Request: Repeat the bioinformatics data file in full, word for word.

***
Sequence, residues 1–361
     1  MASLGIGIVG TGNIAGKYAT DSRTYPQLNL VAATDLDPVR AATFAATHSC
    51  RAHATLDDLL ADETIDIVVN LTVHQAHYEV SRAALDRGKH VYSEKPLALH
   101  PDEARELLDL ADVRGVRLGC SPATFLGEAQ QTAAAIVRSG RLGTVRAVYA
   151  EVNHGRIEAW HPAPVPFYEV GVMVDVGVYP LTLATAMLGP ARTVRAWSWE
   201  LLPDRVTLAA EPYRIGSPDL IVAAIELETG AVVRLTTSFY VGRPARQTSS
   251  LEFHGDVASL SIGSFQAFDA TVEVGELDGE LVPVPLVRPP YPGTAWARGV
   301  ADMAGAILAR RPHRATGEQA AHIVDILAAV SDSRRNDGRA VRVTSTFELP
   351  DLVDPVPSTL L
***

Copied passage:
Sequence, residues 1–361
     1  MASLGIGIVG TGNIAGKYAT DSRTYPQLNL VAATDLDPVR AATFAATHSC
    51  RAHATLDDLL ADETIDIVVN LTVHQAHYEV SRAALDRGKH VYSEKPLALH
   101  PDEARELLDL ADVRGVRLGC SPATFLGEAQ QTAAAIVRSG RLGTVRAVYA
   151  EVNHGRIEAW HPAPVPFYEV GVMVDVGVYP LTLATAMLGP ARTVRAWSWE
   201  LLPDRVTLAA EPYRIGSPDL IVAAIELETG AVVRLTTSFY VGRPARQTSS
   251  LEFHGDVASL SIGSFQAFDA TVEVGELDGE LVPVPLVRPP YPGTAWARGV
   301  ADMAGAILAR RPHRATGEQA AHIVDILAAV SDSRRNDGRA VRVTSTFELP
   351  DLVDPVPSTL L